Diplomacy pp 209-222 | Cite as

Disguised Embassies

  • G. R. Berridge


Regular, flag-flying embassies might well disappear when diplomatic relations are severed, but diplomatic functions might still be performed by as many as four kinds of irregular resident mission — some more irregular, and therefore more heavily disguised, than others. These are interests sections, consulates, representative offices, and front missions — the last being analogous to the ‘front organizations’, typically businesses of one sort or another, employed to conceal espionage activities during the Cold War. This chapter will consider the advantages and disadvantages of each of these disguised embassies, and why one is preferred to another in different circumstances. It will also consider whether the differences between formally accredited embassies and at least some of these missions (especially interests sections and representative offices) are merely nominal.


Vienna Convention Diplomatic Relation Interest Section Representative Office Diplomatic Mission 
These keywords were added by machine and not by the authors. This process is experimental and the keywords may be updated as the learning algorithm improves.


Unable to display preview. Download preview PDF.

Unable to display preview. Download preview PDF.

Further reading

  1. Berridge, G. R., Talking to the Enemy: How states without ‘diplomatic relations’ communicate (Macmillan — now Palgrave: Basingstoke, 1994): chs 1 and 3.CrossRefGoogle Scholar
  2. Cross, Charles T., Born a Foreigner: A memoir of the American presence in Asia (Rowman & Littlefield: Lanham, MD, 1999): ch. 19, on Taiwan.Google Scholar
  3. Franklin, W. M., Protection of Foreign Interests: A study in diplomatic and consular practice (US Government Printing Office: Washington, DC, 1947).Google Scholar
  4. Hertz, Martin F. (ed.), The Consular Dimension of Diplomacy (University Press of America: Lanham, MD, 1983).Google Scholar
  5. James, Alan, ‘Diplomatic relations and contacts’, British Yearbook of International Law 1991, Volume 62 (Clarendon Press: Oxford, 1992): 347–87.Google Scholar
  6. Kear, Simon, ‘The British Consulate-General in Hanoi, 1954–73’, Diplomacy and Statecraft, 10(1), March, 1999: 215–39.CrossRefGoogle Scholar
  7. Kear, Simon, ‘Diplomatic innovation: Nasser and the origins of the interests section’, Diplomacy and Statecraft, 12(3), September, 2001: 65–86.CrossRefGoogle Scholar
  8. Kissinger, Henry A., Years of Upheaval (Weidenfeld & Nicolson: London, 1982): 60–3.Google Scholar
  9. Lee, Luke T. and John Quigley, Consular Law and Practice, 3rd edn (Oxford University Press: Oxford, 2008): ch. 36.Google Scholar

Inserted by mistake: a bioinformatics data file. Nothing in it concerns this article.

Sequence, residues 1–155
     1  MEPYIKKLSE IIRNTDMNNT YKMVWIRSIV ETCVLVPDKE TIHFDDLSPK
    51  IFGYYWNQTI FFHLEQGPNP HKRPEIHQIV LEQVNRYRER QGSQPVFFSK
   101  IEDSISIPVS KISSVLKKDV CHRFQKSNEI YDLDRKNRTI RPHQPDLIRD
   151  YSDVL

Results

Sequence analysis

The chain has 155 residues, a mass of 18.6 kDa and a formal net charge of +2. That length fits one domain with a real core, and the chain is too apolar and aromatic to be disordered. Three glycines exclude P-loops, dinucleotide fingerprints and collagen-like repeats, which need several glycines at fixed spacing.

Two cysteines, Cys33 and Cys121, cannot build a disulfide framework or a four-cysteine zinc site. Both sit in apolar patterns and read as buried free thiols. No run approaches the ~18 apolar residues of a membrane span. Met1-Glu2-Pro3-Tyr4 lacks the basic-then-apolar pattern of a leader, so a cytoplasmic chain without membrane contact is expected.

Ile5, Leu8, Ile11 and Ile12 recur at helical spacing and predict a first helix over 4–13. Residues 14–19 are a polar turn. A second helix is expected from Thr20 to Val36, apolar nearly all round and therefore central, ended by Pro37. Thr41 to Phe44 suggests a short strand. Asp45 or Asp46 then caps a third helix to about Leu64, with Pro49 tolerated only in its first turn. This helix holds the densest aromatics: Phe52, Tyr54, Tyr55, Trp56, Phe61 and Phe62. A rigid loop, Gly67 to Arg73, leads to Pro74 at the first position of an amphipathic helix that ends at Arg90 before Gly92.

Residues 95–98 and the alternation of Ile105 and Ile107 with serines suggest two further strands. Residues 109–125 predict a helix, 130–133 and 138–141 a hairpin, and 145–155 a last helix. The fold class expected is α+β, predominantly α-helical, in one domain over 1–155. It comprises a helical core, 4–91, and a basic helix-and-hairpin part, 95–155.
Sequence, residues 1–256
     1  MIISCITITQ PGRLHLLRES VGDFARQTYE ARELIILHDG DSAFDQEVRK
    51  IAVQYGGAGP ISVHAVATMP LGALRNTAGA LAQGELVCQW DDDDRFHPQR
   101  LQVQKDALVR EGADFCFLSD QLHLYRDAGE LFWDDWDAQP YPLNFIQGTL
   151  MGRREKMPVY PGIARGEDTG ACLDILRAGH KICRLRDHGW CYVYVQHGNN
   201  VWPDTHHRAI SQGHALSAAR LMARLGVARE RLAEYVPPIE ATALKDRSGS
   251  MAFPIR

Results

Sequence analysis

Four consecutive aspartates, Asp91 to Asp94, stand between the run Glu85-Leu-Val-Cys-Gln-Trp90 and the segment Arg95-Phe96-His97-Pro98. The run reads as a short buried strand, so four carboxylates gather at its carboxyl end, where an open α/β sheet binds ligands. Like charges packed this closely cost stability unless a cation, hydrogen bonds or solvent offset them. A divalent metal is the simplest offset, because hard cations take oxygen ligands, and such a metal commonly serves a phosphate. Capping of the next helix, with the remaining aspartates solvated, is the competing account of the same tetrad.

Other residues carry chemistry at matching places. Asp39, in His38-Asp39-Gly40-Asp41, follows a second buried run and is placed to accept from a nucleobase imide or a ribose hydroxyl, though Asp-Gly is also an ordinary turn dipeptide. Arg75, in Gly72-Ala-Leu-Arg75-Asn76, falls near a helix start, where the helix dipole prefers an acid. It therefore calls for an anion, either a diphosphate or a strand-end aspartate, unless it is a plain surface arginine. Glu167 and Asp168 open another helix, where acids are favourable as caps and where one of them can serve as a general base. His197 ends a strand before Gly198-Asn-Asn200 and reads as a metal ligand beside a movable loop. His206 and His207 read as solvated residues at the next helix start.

10. Lowe, V., ‘Diplomatic law: protecting powers’, International and Comparative Law Quarterly, 39(2), April, 1990.Google Scholar
  11. Melissen, Jan (ed.), Innovation in Diplomatic Practice (Macmillan — now Palgrave: Basingstoke, 1999): ch. 13.Google Scholar
  12. Newsom, David E. (ed.), Diplomacy under a Foreign Flag: The protecting power and the interests section (Hurst: London, 1990; St Martin’s Press — now Palgrave: New York, 1990, for the Institute for the Study of Diplomacy).Google Scholar
  13. OIG, Report of Inspection: U.S. Interests Section Havana, Cuba, July 2007 [www].Google Scholar
  14. Peterson, M. J., Recognition of Governments: Legal doctrine and state practice, 1815–1995 (Macmillan — now Palgrave: Basingstoke, 1997): ch. 7.CrossRefGoogle Scholar
  15. Rawnsley, Gary D., Taiwan’s Informal Diplomacy and Propaganda (Palgrave: Basingstoke, 2000).CrossRefGoogle Scholar
  16. Shaw, M. N., International Law, 6th edn (Cambridge University Press: Cambridge/ New York, 2008): ch. 9, on recognition.CrossRefGoogle Scholar
  17. Sullivan, Joseph G. (ed.), Embassies Under Siege (Brassey’s for the Institute for the Study of Diplomacy: Washington, DC, 1995).Google Scholar
  18. Whiteman, M. M., ‘Diplomatic missions and embassy, protection of interests by third states’, Digest of International Law (1970): 450–1.Google Scholar
  19. Wylie, Neville, ‘Protecting powers in a changing world’, Politorbis, 40(1), 2006: 6–14 [www].Google Scholar
  20. Young, John W., Twentieth-Century Diplomacy: A case study of British practice, 1963–1976 (Cambridge: Cambridge University Press, 2008): ch. 9.CrossRefGoogle Scholar

Copyright information

© G. R. Berridge 2010

Authors and Affiliations

  • G. R. Berridge

There are no affiliations available

Personalised recommendations